Today, you'll find over 150 different breweries, brew pubs, and tap houses throughout the Denver area, from Aurora to Wheat Ridge and every other corner of the city. Plus, the Colorado Convention Center becomes the epicenter of the Beer Capital of the United States when it hosts the Great American Beer Festival every year around the beginning of fall.

Patrish Jackson/Shutterstock.com
Queen City of the West is one of the Denver nicknames alluding to the Gold Rush
Denver saw an influx of people and a growth in wealth during the Colorado Gold Rush

Queen City of the West

The Queen City of the West is another historical Denver slogan dating back to the mid-to-late 1800s. The city of Denver was experiencing significant growth during this period, thanks to the massive influx of prospectors (and business people) looking to cash in on the Colorado Gold Rush.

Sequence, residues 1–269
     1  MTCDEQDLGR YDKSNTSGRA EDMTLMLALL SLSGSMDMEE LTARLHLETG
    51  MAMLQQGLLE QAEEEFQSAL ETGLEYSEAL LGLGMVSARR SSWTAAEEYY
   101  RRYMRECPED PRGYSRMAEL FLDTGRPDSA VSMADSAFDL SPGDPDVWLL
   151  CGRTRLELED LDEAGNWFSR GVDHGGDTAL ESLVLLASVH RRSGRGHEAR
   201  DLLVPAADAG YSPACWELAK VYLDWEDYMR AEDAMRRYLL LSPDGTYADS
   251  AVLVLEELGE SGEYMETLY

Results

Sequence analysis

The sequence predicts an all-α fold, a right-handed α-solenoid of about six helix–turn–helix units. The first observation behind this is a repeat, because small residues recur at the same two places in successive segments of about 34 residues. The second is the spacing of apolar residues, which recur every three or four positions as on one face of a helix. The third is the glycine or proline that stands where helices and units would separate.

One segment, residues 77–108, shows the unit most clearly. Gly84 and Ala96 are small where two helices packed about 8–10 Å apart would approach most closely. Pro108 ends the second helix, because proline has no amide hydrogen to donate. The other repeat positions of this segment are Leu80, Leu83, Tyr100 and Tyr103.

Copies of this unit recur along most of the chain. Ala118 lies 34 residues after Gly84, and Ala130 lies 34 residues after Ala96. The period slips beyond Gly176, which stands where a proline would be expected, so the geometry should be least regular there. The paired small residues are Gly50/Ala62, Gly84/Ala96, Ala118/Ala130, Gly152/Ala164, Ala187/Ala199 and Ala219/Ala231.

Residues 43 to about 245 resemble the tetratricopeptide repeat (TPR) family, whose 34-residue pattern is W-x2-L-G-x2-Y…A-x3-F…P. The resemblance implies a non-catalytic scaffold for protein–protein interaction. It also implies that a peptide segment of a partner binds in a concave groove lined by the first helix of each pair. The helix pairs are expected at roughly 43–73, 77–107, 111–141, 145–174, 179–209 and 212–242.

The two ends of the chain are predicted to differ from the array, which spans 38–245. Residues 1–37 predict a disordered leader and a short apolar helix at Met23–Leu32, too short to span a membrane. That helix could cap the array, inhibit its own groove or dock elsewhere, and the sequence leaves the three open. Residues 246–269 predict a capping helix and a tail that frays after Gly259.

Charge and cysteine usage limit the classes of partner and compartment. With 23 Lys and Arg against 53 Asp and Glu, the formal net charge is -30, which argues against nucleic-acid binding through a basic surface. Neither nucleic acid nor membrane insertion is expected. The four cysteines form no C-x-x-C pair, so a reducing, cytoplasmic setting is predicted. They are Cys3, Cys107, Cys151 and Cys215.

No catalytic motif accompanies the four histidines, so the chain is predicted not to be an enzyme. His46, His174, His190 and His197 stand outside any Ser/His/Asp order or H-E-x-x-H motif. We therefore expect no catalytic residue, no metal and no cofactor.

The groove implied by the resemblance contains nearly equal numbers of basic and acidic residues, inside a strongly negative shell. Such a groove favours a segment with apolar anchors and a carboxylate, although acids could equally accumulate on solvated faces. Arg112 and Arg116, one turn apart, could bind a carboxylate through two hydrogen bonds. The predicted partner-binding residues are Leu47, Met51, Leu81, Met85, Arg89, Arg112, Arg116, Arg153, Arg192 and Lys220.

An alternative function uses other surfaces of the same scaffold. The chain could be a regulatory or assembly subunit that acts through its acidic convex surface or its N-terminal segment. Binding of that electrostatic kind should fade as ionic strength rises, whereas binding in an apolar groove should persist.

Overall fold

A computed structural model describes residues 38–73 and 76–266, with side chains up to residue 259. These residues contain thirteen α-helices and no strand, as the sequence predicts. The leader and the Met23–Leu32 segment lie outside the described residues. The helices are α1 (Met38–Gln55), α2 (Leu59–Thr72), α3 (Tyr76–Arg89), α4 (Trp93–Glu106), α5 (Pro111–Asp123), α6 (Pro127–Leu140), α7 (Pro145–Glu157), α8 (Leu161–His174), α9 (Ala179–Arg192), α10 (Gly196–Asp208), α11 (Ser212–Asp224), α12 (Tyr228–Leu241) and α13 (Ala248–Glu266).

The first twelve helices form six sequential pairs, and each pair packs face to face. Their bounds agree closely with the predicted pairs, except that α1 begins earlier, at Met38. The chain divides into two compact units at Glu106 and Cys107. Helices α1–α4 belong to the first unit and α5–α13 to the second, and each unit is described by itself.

With the expansion of the railroad, rapid development, and a lot of gold money (not to mention the silver and other valuable gems and minerals), Denver went from a small frontier town to one of the region's most prosperous commerce centers.

Cow Town

The nickname Cow Town dates back to the old days of Denver being a real western cattle town. From the city's Gold Rush-era origins to its rise in importance to regional agriculture throughout the rest of the 1800s, Denver was truly a Cow Town.

In many ways, it still is: the National West Stock Show has been held in the city since 1908. Today, however, Denver has largely shed its western frontier town image. Instead, the Front Range urban corridor is one of the country's top hubs for business, technology, and innovation.

City skyscrapers near a park and snow-capped mountains in the background